Commands by ozymandias (2)

  • In my work environment, we log onto the servers as our user ('user', in the sample ouput), and 'sudo su - root' to other accounts. This trick allows us to return the account name we logged in as -- and not the account name we currently are ('root', in this example). Using this trick, you can build other commands: Set your CVSROOT env variable to your account name: CVSROOT=$(who am i | awk '{print $1}') SCP a file to another server: scp file.txt $(who am i | awk '{print $1}') This works out great in my environment, as we can include this in our documentation and make the comands more easy to copy/paste for different users, and not have to set all sorts of variables, or modify the docs for each user. whoami gives you the name of the user you currently are, not the user you logged on originally as. who gives you a listing of every single person logged onto the server. who am i gives you the name of the user you logged on as, and not who you changed to with su. Look at the following scenario: whoami user su - # whoami root # who am i user pts/51 2009-02-13 10:24 (:0.0) whoami != who am i Show Sample Output

    who am i
    ozymandias · 2009-02-20 16:26:11 9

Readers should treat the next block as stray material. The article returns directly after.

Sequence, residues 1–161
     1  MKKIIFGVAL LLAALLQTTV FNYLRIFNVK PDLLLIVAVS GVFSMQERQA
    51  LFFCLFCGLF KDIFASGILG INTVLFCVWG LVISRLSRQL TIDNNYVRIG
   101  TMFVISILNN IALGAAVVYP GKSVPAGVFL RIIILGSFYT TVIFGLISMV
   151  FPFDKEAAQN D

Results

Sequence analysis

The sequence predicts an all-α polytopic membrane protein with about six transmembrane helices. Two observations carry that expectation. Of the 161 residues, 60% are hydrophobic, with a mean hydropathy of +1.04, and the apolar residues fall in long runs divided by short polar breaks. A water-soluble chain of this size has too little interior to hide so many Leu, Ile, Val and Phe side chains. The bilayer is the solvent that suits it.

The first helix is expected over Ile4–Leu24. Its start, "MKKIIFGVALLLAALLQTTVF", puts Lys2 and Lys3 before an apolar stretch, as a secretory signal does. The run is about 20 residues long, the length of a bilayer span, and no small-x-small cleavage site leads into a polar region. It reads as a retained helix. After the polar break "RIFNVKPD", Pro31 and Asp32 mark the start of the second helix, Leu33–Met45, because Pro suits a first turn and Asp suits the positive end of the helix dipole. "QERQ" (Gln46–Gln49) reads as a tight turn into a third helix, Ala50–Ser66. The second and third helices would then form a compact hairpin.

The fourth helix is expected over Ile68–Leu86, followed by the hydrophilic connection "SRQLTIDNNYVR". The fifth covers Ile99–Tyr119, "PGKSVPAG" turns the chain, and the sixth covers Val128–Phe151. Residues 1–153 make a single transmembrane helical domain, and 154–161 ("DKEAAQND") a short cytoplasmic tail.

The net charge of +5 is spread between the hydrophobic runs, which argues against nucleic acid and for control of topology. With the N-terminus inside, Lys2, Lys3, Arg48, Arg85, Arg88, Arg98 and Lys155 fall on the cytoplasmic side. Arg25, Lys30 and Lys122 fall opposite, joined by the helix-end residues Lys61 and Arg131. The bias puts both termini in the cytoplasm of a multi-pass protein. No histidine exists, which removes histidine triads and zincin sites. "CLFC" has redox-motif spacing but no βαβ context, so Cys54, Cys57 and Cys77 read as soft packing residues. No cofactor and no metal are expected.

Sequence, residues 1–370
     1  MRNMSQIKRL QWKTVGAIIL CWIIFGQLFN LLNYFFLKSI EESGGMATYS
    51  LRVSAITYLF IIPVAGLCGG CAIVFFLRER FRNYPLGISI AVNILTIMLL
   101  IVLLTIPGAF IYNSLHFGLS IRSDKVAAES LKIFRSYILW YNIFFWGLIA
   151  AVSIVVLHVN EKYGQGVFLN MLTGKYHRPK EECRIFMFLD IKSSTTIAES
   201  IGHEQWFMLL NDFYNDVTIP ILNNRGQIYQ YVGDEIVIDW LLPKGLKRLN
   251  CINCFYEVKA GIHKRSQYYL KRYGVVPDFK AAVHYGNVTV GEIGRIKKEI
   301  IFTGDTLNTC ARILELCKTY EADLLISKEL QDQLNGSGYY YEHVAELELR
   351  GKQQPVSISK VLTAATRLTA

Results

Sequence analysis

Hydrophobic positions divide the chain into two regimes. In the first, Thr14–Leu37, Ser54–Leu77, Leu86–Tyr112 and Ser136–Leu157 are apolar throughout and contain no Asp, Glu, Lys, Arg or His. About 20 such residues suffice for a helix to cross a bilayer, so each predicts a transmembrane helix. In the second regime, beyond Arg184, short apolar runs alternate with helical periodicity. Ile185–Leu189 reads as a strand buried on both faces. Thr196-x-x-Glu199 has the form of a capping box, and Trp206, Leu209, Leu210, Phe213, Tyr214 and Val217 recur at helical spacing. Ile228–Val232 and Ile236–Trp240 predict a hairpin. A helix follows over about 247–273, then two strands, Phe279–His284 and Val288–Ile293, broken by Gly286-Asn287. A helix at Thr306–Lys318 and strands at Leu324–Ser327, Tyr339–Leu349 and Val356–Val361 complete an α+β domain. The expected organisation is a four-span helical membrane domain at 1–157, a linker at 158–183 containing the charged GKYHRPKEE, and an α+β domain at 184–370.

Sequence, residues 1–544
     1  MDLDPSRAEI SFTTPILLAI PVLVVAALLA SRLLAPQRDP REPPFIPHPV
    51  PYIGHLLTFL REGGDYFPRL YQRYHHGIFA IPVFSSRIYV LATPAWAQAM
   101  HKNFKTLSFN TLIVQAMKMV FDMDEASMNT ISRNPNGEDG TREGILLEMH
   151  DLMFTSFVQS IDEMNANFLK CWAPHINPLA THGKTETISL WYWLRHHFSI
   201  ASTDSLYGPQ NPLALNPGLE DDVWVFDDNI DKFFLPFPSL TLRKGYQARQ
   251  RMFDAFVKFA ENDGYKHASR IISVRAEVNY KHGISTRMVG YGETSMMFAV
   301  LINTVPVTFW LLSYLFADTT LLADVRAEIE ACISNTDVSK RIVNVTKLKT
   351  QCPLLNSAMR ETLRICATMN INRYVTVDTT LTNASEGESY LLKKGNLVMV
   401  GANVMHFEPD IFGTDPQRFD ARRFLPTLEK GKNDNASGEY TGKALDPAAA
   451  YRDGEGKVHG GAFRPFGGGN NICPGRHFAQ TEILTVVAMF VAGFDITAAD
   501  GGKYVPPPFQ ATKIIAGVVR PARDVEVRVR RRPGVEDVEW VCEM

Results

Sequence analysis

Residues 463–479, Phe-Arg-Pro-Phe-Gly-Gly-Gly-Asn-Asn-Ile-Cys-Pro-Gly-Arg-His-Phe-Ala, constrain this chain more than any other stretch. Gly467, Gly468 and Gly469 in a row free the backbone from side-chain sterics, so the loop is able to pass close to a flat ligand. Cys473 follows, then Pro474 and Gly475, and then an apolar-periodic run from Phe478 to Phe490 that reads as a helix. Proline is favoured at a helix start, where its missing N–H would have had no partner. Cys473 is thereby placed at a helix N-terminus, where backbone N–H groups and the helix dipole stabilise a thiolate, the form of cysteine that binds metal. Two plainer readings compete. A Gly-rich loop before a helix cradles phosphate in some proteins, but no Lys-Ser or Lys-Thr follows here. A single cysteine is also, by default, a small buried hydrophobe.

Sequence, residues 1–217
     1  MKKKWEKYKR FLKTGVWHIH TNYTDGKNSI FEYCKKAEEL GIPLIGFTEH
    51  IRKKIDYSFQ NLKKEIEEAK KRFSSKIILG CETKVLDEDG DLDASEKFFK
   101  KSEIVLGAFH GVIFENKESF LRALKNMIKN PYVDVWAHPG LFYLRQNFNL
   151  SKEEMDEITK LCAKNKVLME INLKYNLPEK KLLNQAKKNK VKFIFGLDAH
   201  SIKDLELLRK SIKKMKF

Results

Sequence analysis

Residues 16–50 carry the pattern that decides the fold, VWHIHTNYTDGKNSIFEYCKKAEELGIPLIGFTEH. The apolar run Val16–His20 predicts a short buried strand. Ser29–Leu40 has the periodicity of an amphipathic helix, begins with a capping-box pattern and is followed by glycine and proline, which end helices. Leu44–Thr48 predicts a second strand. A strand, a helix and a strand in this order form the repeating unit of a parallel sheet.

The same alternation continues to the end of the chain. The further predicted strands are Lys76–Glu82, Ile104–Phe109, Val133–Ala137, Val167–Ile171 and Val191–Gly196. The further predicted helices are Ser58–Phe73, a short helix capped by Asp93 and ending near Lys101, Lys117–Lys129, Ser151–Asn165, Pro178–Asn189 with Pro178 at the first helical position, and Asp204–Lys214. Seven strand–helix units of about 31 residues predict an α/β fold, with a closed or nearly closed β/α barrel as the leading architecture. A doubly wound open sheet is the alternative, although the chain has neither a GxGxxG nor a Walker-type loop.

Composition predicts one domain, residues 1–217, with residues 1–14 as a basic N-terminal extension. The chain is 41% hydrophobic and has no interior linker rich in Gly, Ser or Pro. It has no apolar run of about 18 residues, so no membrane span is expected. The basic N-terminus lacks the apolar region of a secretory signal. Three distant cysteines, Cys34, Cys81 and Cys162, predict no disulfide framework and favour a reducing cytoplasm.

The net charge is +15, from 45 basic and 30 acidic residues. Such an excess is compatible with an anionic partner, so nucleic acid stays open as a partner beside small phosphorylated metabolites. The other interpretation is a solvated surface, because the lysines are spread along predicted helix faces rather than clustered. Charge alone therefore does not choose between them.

• The expansion {,} in bash will repeat the given string once for each item seperated by commas. The given command will result in the following being run: cp /really/long/path/and/file/name /really/long/path/and/file/name-`date -I` These can be embedded as needed, ex: rm file{1,2,3{1,2,3}} would delete the files file1, file2, file31, file32, file32, and no other files.

    cp /really/long/path/and/file/name{,-`date -I`}
    ozymandias · 2009-02-18 20:35:47 1

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Remove spaces from filenames - through a whole directory tree.
Sometimes, you don't want to just replace the spaces in the current folder, but through the whole folder tree - such as your whole music collection, perhaps. Or maybe you want to do some other renaming operation throughout a tree - this command's useful for that, too. To rename stuff through a whole directory tree, you might expect this to work: for a in `find . -name '* *'`;do mv -i "$a" ${a// /_};done No such luck. The "for" command will split its parameters on spaces unless the spaces are escaped, so given a file "foo bar", the above would not try to move the file "foo bar" to "foo_bar" but rather the file "foo" to "foo", and the file "bar" to "bar". Instead, find's -execdir and -depth arguments need to be used, to set a variable to the filename, and rename files within the directory before we rename the directory. It has to be -execdir and won't work with just -exec - that would try to rename "foo bar/baz quux" to "foo_bar/baz_quux" in one step, rather than going into "foo bar/", changing "baz quux" to "baz_quux", then stepping out and changing "foo bar/" into "foo_bar/". To rename just files, or just directories, you can put "-type f" or "-type d" after the "-depth" param. You could probably safely replace the "mv" part of the line with a "rename" command, like rename 'y/ /_/' *, but I haven't tried, since that's way less portable.